Friday, June 19, 2009

Termini, Where Less Is More

When travelling, whether to a neighboring town or a far away land, it is usually a good idea to have some sense of what to expect when you reach your destination. A basic understanding of language, currency, tipping practices, and local customs will alleviating many scary and embarrassing situations. It is no secret that in Europe you must pay to use public restrooms, a practice that has long since disappeared in this country, though I can remember those dime slots in U.S. airports. Knowing this, I made sure to visit the facilities in the Rome airport, where the toilets were free, before we began the two train and several hour journey to Assisi. My beloved travelling companion kindly stood with the bags while I went to restroom, but failed to take advantage of this opportunity himself.

So begins our first tale from our glorious trip to Assisi. The following words are Weber's. Just as he kindly guarded our luggage for me in the airport, I returned the favor in the train station at Termini.

I had the good fortune to go to Assisi with my love and a group of good Franciscans (undoubtedly better than going with bad Franciscans). As I am just beginning the journey with Saint Francis, I consider my self fortunate to have the opportunity to walk in the places where St Francis and St. Clare walked at the very start of my own way; guided by others who have made the Franciscan journey.

Some of my reflections were deeply spiritual, some marvel at the wonder of being a visitor in someone else's home, and others simply convey elements of the practical This will deal with the practical. In fact very practical; as it chronicles my first experience with Italian public toilets.

I will skip the flight stuff and simply say we got to Italy as planned. The train ride from the airport to the city was uneventful and made me jealous of a place with a functional public transportation system. We arrived at Termini only to discover that because it was Sunday there were fewer trains to Assisi and we would have a nearly four hour layover.
I found I needed to heed the call that all must follow and went searching for the facilities. Having been forewarned that Italy has “a pay when you go system” of public hygiene and with a 5 euro bill I headed off in the direction of the “Servizi Ingenico” signs; the ones with the small icons telling the non-Italian speaker what is meant. When I got there I found the entrance to the facility blocked by a toll booth that required €0.80. “Non รจ un problema”; a change machine is conveniently located next to this potty portal. It had a place for coins and bills. You may not know that the Euro comes in 1.00 and 2.00 coins and there are not any bills for those denominations. So the logic, to me, is that the bill slot is meant for the 5.00 euro bill. But it was Sunday, and the machine was evidently, like my bladder, full. So it would only take coins. Exact change is required for the turnstile to relief which takes neither of the larger coins.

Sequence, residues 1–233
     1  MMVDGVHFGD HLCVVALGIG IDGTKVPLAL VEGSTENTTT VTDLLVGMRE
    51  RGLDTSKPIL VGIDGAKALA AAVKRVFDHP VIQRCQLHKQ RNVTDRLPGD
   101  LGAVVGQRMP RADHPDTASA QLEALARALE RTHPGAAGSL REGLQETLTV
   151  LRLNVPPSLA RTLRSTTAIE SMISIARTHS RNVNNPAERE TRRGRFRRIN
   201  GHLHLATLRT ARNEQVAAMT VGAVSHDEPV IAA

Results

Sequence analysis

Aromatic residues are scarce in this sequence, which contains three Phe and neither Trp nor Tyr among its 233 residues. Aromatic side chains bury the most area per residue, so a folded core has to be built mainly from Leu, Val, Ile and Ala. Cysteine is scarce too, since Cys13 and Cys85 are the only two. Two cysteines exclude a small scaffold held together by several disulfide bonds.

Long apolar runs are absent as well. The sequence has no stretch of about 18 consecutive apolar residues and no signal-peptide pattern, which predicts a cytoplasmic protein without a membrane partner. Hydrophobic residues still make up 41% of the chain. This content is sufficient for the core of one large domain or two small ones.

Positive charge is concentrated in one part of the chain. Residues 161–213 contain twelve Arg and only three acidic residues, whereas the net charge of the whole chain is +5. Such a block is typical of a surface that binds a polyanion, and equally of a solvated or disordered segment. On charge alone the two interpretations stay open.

So off I went in search of the another facility, which was inconveniently located at the other end of the terminal. This is a considerable, but not impossible walk under normal circumstances. But for he of full bladder, it was the level of Hell Dante overlooked. Having no other options, with knees as close together as could be to allow walking, off I went. And when I arrived what did the change machine say “Monete solo per favore”; “Coins only please.” Torture most polite! So, back down the terminal I went. I asked at three shops for change. No one was giving change was given unless you bought something. (Economic stimulus Italian style.) The thought of buying a Coke in my present state was certainly less than appealing. This strikes me as a type of hard sell tactic bordering on blackmail. On the positive side, I did learn quickly that the ability to absorb an unknown language under duress is amazing.

And the pressure was on - literally and figuratively.

Finally a Panini place, sympathetic to my situation, gave me 5 euro coins for my bill and off I went to the pause that refreshes.

And so it began. Not some mystical experience but a down to earth practical lesson in language, money, another country, and the need to find peace.

This may not be the most inspirational story from our trip, but it was a study in humility. And hey, even the saints had to go.